Quarter Mile Times

July 24, 2009
Bart Madson
By Bart Madson
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Bashing away at the MotoUSA keyboard for nine years now, Madson lends his scribbling and editorial input on everything from bike reviews to industry analysis and motorcycle racing reports.

Duke roasts the back tire of a stock Night Rod before blasting down the track in a best time of 11.63 seconds at 112 mph. He would later go more than 2 seconds quicker on the Destroyer before the day was done.
Racing at the drag strip is one of the most popular motorsports in America and quarter-mile times are a popular measure of a motorcycle’s performance.

Quarter-mile times are a popular performance benchmark for cars and motorcycles. The popularity of quarter-mile performance numbers comes from drag racing, one of the most popular spectator motorsports in the United States.

Measuring Quarter-Mile Times

The basics of calculating a motorcycle’s quarter-mile performance are simple. The motorcycle begins from a standing start. Upon signal the clock starts and the motorcycle races in a straight line for a quarter-mile sprint (1320 feet). Crossing the finish stops the clock. Top speed is also measured during the quarter-mile run.

A number of factors contribute to the overall quarter-mile time of a motorcycle. Not the least of which are the skills of the rider, who must anticipate the start and effectively run through the gears for optimal performance.

At a drag strip, a device called a Christmas tree controls the rider’s start via a sequence of lights. Starting at the top, a series of three yellow lights illuminate sequentially, followed by the green – the rider timing their launch with the green light. If a rider jumps the green, they red-light, which results in disqualification.

I go on green right Duke roasts the back tire of a stock Night Rod before blasting down the track in a best time of 11.63 seconds at 112 mph. He would later go more than 2 seconds quicker on the Destroyer before the day was done.I go on green right
Jump too quick off the start and you’ll trigger the red light (above); Getting some advice from the master, Kawasaki’s Ricky Gadson (middle), Warming up the rear in preparation for another run down the quarter mile (below).

At the drag strip there are multiple times gathered in the quarter-mile. The delay in a rider’s response to the green light is dubbed the reaction time. (There always is a built-in fractionally small delay or else the rider is given a red-light.) A 60-foot time is also registered which lets riders know how good of a launch they got. The time from the motorcycle crossing start to finish is the elapsed time and is a purer measure of true performance. It also is possible to gather quarter-mile times from GPS systems.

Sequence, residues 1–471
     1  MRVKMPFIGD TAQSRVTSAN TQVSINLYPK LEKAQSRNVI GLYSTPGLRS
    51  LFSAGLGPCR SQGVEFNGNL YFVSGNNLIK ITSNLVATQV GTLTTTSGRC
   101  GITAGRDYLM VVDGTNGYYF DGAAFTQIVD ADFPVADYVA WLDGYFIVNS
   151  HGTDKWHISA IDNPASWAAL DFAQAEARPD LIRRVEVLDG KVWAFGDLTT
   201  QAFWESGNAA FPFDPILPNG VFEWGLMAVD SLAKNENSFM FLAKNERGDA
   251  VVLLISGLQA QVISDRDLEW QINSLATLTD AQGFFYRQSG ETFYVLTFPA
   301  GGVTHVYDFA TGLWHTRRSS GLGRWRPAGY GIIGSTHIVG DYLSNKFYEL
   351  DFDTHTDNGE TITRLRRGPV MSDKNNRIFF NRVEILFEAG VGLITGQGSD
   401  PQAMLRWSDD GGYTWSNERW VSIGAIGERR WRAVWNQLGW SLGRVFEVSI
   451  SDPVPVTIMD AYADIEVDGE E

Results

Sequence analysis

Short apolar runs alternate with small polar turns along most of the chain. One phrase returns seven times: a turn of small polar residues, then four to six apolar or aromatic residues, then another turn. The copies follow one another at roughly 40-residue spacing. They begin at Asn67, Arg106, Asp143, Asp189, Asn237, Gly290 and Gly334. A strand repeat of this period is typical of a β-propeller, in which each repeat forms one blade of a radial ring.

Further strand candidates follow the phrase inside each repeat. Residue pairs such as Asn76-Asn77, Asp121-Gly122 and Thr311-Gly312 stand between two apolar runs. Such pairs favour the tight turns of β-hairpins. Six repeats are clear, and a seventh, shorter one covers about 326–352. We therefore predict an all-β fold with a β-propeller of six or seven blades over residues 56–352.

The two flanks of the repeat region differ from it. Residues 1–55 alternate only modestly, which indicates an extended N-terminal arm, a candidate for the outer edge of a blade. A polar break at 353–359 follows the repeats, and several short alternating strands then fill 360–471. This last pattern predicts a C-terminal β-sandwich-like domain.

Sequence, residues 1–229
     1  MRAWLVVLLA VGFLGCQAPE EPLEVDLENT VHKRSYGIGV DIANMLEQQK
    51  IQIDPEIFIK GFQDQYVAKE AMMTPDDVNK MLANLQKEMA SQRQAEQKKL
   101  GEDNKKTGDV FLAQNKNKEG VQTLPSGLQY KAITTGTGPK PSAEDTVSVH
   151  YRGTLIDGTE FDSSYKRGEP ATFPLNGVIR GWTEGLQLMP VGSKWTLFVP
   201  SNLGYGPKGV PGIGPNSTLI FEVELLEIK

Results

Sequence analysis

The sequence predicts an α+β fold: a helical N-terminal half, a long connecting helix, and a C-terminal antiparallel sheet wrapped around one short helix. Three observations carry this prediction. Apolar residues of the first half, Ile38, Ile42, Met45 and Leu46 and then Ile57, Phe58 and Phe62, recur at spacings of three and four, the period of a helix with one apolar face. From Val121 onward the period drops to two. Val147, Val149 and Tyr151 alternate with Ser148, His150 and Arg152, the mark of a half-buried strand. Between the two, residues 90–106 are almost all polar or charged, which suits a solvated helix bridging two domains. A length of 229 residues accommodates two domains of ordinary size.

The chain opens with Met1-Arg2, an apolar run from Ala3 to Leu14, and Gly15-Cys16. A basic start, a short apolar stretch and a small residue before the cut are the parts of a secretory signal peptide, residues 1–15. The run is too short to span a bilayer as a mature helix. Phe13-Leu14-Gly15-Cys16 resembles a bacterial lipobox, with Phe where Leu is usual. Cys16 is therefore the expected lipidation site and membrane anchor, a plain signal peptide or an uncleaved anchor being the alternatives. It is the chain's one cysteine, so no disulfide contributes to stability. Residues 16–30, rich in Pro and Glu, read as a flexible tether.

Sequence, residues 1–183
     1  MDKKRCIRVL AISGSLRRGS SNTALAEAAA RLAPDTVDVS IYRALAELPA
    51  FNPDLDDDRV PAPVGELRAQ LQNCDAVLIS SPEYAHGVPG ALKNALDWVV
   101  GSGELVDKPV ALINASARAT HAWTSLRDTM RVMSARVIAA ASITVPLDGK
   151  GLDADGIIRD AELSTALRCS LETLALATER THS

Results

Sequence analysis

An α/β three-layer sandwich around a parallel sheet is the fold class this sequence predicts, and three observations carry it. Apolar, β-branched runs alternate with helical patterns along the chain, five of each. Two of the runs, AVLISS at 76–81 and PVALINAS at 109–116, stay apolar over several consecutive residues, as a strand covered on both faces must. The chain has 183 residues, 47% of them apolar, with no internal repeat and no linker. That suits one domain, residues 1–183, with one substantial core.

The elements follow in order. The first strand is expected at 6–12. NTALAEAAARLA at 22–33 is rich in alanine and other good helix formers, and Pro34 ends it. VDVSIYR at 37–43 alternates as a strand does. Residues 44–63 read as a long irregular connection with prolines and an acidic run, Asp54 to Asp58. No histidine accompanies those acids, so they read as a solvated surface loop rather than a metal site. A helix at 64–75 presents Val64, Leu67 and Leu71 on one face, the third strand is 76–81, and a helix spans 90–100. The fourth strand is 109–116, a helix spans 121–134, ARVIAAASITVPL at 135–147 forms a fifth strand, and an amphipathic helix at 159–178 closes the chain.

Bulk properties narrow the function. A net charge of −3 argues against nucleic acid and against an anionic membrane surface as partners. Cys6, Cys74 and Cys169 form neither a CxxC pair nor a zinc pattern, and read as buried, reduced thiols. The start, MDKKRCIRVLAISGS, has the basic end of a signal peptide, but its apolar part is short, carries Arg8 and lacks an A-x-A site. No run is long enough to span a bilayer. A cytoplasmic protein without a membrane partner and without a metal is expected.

Quarter-Mile Times for Popular Motorcycle Models

Motorcycle USA routinely gathers quarter-mile times in comparison reviews of high-performance motorcycles. Here are some of the latest quarter-mile times we have recorded for popular motorcycle models:

2009 Superbike Comparsion 
Ducati 1198 10.09 @ 139.9 mph 
Honda CBR1000RR 9.68 @ 138.8 mph 
Kawasaki ZX-10R 10.05 @ 141.5 mph 
Suzuki GSX-R1000 10.01 @ 141.9 mph 
Yamaha R1 10.53 seconds @ 137.5 mph

2009 Supersport Comparison 
Ducati 848 11.09 @ 134.37 mph 
Honda CBR600RR 11.10 @ 128.99 mph 
Kawasaki ZX-6R 11.11 @ 133.74mph 
Suzuki GSX-R600 11.11 @ 132.33 mph 
Triumph Daytona 675 11.30 @ 133.25 mph 
Yamaha R6 11.25 @ 134.11 mph 

2008 Hayabusa vs ZX-14
Suzuki Hayabusa 10.378 @ 139.36 mph 
Kawasaki ZX-14 10.398 @ 139.08 mph 

2009 V-Max vs B-King 
Suzuki B-King 10.42 @ 143.99 mph
Yamaha V-Max 10.85 @ 137.5 mph

Professional Motorcycle Drag Racing.

Ed Krawiec  Harley-Davidson
Professional NHRA racers like Ed Krawiec can lay down quarter-mile runs under seven seconds.

The format for most professional motorcycle drag racing series is a simple elimination. Riders face off in pairs (determined by qualifying runs), with the winner advancing to the next elimination round – which culminates in a dramatic winner-take-all finale.

There are numerous motorcycle drag racing associations including: AMA Dragbike, AHRMA and the most popular drag racing series – the NHRA (National Hot Rod Association). The NHRA Pro Stock Motorcycles class features modified stock motorcycles like the Inline-Four Suzuki Hayabusa and Kawasaki ZX-14, as well as Twin-powered bikes from Harley-Davidson and Buell. The top Pro Stock racers can register quarter-mile times under 8 seconds and read top speeds approaching 200 mph.

Quarter-Mile Bracket Racing

A popular form of amateur drag racing is bracket racing, which allows vehicles of various performance capabilities to race each other through the quarter-mile with timed handicaps. Each rider chooses a dial-in time, which is a driver’s approximation of their elapsed time. By controlling the launches at the Christmas Tree, two completely different vehicles can race by adjusting the green light to give slower vehicles a head start.

Factoring in two riders dial-in claims, the duo should hit the finish line neck and neck. Therefore, good reaction times and skill at winding out as close as possible to the dial-in determines the winner – not outright performance of the machine itself. Riders can’t sandbag by claiming a high dial-in and then beating it, as crossing your dial-in results in disqualification.

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